After some sightseeing, climbing into the top of the Basilika, having jumped over the Ecuator and having experienced Quito nightlife, I had the most important things crossed off my to-do list and was ready to leave Quito. Together with Jon (New Zealand) and Simone (Australia) I travelled to a hostel close to the Cotopaxi vulcano. It was amazing. The weather was perfect and from the hostel we had a perfect view of the snow peaked vulcano. After using the first day a bit to acclimatize (the hostel lies on an altitude of about 3500m), we made a hike through the stunning area and went up to an altitude of about 4700m. The lack of oxygen makes even the easiest hike very tough. But the amazing views are rewarding enough.

In the afternoon we continued our travels and arrived in Latacunga. From here we are going to start the Quilotoa circuit tomorrow.


04. March 2009, Quito (Ecuador)

And here I am. Yeah! I´m in Ecuador!

This morning we arrived on the border just before it opened. So we were lucky and did not have to wait in the long lines which are there during the day, waiting for 3 hours to get the Exit and Entry stamps. It was pretty exciting, as it was the first border crossing I made by land in my life. Everything went smoothly and I have 2 new stamps in my passport now :-). Moneychanging was also quite fun, trying to bargain with the guys on the street to get the best exchange rate. So I got rid of my last Columbian Pesos and have US Dollars now. Yeah, for those of you who didn´t know, Ecuador doesn´t use an own currency anymore. They only use US Dollar bills and have some Ecuadorian Dollar cent coins.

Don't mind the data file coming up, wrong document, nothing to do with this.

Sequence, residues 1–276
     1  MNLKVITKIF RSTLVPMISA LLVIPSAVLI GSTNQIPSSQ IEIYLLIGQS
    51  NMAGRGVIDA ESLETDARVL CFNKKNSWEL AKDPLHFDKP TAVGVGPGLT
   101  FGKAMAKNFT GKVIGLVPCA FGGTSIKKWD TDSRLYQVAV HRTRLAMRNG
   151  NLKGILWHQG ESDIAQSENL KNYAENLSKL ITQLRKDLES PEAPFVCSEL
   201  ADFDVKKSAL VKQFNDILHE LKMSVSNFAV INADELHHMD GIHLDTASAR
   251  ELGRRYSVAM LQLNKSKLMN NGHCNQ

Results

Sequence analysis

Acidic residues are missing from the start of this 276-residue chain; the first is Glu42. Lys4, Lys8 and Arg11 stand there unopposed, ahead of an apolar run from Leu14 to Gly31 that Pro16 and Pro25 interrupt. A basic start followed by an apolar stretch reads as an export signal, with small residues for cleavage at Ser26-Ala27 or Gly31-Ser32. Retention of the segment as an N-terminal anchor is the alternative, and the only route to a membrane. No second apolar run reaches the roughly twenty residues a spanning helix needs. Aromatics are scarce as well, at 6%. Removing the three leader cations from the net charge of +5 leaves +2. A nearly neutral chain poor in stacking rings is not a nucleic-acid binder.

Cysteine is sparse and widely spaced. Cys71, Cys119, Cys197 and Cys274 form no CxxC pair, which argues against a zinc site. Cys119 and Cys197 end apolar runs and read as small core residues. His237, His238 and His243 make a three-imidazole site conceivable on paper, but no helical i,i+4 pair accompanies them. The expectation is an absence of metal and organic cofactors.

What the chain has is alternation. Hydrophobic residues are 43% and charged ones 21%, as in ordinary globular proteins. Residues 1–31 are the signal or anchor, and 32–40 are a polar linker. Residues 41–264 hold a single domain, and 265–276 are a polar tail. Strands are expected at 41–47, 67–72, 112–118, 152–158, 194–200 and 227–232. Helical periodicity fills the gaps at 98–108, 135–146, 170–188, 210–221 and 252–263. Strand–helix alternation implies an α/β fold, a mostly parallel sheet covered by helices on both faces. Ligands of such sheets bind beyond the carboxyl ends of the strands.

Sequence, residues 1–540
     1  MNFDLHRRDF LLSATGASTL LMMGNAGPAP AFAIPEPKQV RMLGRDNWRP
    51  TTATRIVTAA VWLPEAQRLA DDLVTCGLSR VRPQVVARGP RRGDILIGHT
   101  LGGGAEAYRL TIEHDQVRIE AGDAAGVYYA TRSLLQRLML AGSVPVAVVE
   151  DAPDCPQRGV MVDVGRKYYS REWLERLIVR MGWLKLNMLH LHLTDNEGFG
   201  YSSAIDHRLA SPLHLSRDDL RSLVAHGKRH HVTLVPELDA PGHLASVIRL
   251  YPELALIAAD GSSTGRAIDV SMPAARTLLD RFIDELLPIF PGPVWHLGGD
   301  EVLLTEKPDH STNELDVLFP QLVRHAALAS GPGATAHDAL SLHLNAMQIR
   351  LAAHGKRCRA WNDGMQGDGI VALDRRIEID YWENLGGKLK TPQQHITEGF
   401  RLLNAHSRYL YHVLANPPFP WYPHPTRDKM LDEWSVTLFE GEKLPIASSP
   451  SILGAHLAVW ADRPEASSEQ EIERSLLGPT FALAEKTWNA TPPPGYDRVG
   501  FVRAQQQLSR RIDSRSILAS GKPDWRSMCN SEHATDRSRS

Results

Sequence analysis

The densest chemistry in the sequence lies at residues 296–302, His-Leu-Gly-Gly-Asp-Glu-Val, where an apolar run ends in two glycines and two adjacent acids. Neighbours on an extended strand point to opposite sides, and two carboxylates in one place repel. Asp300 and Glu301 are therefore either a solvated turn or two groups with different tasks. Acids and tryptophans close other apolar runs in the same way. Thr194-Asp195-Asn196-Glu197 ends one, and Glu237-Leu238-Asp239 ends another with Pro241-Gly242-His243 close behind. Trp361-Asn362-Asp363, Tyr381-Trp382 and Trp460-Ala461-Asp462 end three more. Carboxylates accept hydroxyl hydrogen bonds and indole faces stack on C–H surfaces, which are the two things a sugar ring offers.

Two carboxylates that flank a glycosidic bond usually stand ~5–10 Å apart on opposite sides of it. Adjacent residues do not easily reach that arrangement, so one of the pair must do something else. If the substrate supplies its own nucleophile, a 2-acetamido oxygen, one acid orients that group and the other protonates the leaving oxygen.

On the border I met a guy from New Zealand. After arriving in Quito and saying bye to my Australian friend who went to a city further south in Ecuador because she´s more or less just crossing Ecuador to go to Peru, we decided to go find a hostel together. We found a nice hostel with a terrace on the 5th floor and a great view over the city. Then we explored Quito. I heared so many bad things about Quito, but I´m glad I could get my own impression of the city. I like it. It reminds me a bit of Cartagena with many beautiful houses in colonial-style.

Tomorrow I´m planning to make a day trip to the Ecuator! After having crossed the Arctic Circle plenty of times last year, it´s time to go jump across the Ecuator! :-)


03. March 2009, Popayan (Colombia)

When seeing the rainy weather this morning, I spontaneously decided to leave San Augustin. And 30 minutes later I was already on my way to Popayan. So together with my Australian friend I visited the so called "white city". It was a nice little city with white kolonial houses. As I was so close to the Ecuadorian border now, I could not wait to cross it and so I left the same night by nightbus to the border.


02. March 2009, San Augustin (Colombia)

After having visited a pretty little coffee farm in Salento, I took the night bus to go to San Augustin. I was travelling with 3 Norwegeans, 1 Swedish, 1 Australian and 2 Germans I met in the hostel in Salento. We found a hostel where we could stay all together and explored the archeological sites of San Augustin during a 5 hour horse trip. It was so much fun that we nearly decided to buy horses and cross the border to Ecuador on horseback...but it would have taken 20-30 days, that was a bit too long.


28. February 2009, Salento (Colombia)

I´m heading more and more south, approaching Ecuador slowly. Right now I´m in the Zona Cafetera (Coffee region). Haven´t seen a coffee farm yet, but that´s my plan for tomorrow. Today I went to the Valle de Cocora, a stunning valley. I went together with a girl from Argentina I met, so I could practice my Spanish alot :-). We took a "jeep taxi" to reach the valley and I can tell you, it was an adventure. There is no limit of people they take... they manage somehow to squeeze them all in. Guess where my place was... I sat with 2 other people on the roof of the jeep. It was so much fun. On our way back, we were 15 people in, on and around this little jeep^^. The valley itself was so stunning. The first part went through a beautiful valley with hundreds of giant palm trees and then we walked through a cloud forest up to a viewpoint and returned again through the palm valley. Wow, amazing!